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How Prized Bull Semen And DNA Testing Are Reshaping America's Beef Herd

By Kristofor Husted

Beef cattle ranchers are getting wise to the science of genetics.

They have always known that making the best steak starts long before consumers pick out the right cut, or where an animal grazes or what it eats. The key is in the genetic makeup — or DNA — of the herd. And over the last year, those genetics have taken a historic leap thanks to new, predictive DNA technology.

This is playing out in rising auction prices for the best bulls as identified by genetic profiles or simply for their elite pedigree.

“The demand there is primarily because we have the best genetics in the world,” said Gordon Doak, president emeritus of the National Association of Animal Breeders.

Doak said the science is improving quickly.

“The bull (ranchers) used two years ago — they’re not going to use him again,” Doak said. “There’s new ones coming online all the time that have better genetics. That’s why (demand) has increased.”

Today, ranchers can shop for bulls or bull semen touting a very specific genetic concoction that’s prime for improving their herd. And those concoctions are becoming more valuable every day.

World record bull

Missouri rancher Brian Bell traveled to North Dakota for a cattle auction in February. Like many of the hundreds of attendees, he had his eye on a specific Angus bull named Elation.

Elation, raised at Schaff Angus Valley in North Dakota, is descended from a famous family of beef cattle and has the genetic recipe for efficient, meat-producing cattle.

“Perfect footed. Perfect uttered. Fertile,” Bell said. “You know these cattle have some longevity and will stay in people’s herd and allow them to be profitable.”  

Bell and Oklahoma rancher David Bogle teamed up so they could afford to bid on Elation.

“At the end there were three people bidding on the bull — one was from overseas and then two in the states,” Bell said. “And David jumped the last bid I think by $50,000. That was the deal sealer there.”

While some dairy cows have been auctioned for more than a million dollars, the final price for Elation —$800,000 — set a world record for a bull.

“It’s an investment in our herds,” Bell said, adding: “And then also we'll sell semen throughout the world and hopefully help pay for the bull.”

Yes, the semen.


More than 2.5 million samples of beef semen were sold in the United States last year. That’s double from 2010, according to the National Association of Animal Breeders. Altogether, exports for dairy and beef cattle semen hit a record $170 million in 2017, according to the U.S. Department of Agriculture and U.S. Census Bureau Foreign Trade data.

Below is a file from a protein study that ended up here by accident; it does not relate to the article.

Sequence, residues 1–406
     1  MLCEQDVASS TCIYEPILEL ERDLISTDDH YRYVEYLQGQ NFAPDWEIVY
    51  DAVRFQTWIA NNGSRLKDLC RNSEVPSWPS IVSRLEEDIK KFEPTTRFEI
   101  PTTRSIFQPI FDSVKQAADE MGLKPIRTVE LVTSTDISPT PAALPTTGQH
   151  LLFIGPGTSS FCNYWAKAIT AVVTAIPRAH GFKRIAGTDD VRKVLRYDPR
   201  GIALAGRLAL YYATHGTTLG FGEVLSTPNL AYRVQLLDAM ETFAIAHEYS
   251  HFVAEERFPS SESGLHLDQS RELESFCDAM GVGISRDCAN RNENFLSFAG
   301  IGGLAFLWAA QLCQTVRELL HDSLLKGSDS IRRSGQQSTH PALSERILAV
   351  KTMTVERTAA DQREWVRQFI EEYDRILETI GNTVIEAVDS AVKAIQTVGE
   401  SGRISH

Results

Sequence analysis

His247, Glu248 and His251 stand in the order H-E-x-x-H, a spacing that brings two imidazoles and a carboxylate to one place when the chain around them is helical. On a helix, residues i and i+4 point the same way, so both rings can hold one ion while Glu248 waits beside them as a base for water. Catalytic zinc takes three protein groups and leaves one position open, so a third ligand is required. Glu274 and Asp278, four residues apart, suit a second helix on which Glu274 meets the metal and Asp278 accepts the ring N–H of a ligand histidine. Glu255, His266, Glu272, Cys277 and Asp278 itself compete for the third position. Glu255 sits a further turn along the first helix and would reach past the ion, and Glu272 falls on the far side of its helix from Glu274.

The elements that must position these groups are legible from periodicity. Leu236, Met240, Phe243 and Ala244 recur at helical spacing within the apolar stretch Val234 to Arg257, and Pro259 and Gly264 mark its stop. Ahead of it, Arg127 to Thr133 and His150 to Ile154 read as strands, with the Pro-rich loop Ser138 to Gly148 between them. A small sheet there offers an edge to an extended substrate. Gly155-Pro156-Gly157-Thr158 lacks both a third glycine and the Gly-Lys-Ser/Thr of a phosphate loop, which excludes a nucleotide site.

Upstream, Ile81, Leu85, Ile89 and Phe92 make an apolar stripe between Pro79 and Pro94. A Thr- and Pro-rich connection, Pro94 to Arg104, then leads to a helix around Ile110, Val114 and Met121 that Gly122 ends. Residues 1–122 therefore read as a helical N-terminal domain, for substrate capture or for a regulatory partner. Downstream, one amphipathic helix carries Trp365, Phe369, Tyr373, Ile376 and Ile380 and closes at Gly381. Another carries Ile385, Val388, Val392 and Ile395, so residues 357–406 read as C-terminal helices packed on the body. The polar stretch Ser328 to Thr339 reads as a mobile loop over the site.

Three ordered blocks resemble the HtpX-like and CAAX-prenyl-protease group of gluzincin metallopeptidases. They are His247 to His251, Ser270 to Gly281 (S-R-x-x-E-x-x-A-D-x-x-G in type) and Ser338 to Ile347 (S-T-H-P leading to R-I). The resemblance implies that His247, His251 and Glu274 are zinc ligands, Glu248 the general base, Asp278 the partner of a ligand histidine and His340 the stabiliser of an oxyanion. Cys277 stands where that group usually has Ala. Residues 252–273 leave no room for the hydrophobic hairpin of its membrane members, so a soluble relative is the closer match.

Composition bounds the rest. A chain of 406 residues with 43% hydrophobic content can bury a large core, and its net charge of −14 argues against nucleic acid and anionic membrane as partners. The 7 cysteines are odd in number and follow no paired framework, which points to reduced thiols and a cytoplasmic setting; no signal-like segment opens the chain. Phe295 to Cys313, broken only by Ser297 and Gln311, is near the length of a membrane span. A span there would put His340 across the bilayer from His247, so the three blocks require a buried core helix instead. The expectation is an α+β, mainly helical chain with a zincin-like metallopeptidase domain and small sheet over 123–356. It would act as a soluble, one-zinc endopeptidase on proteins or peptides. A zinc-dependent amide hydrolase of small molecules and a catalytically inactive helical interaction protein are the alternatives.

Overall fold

Bull semen is even sold on Amazon.

Elation demand

Brian Bell and David Bogle each hold 40 percent ownership of Elation, with 20 percent staying with Schaff Angus Valley.

And so far the investment is working out. While most Angus semen fetches $20 to $25 per sample (also called a straw), Elation’s semen is selling for $50.

Bell said they already have a waiting list from cattle ranchers across the world. As of April, Bell said he had already sold 4,500 straws and his investment in Elation could be paid off in one to three years, depending on how tasty Elation’s hundreds or even thousands of progeny turn out to be for beef customers.

That’s because he also plans to use Elation’s semen in about 450 of his own cows at Square B Ranch in Missouri.

“That's the most important part because ultimately that's our customer,” Bell said. “In the beef world, we're trying to grow beef whether it's at a high-end restaurant or they're picking it out of the meat department at a grocery store.”

DNA testing

About 85 percent of U.S. beef ranchers, though, still develop herd genetics the old-fashioned way — by setting a bull loose with cows in a pasture, according to estimates by the National Association of Animal Breeders.

In buying those bulls, ranchers traditionally have analyzed how a prospective bull’s progeny developed over generations, using genetic predictions called Expected Progeny Differences or EPDs. That shifted in November, when the American Angus Association introduced a genomic testing kit that drills down into even more specific traits.

For $37 a pop, ranchers can send a tissue or blood sample in and receive a readout on how that bull’s genetic makeup compares to others in the breed.

“Genomic testing allows us to basically find animals that are better for traits like marbling earlier that have a bigger tendency to pass down those traits later on in life as parents, so that we can create a better product for the consumer,” said Kelli Retallick, genetic services director for Angus Genetic Incorporated, the breeding arm of the American Angus Association.

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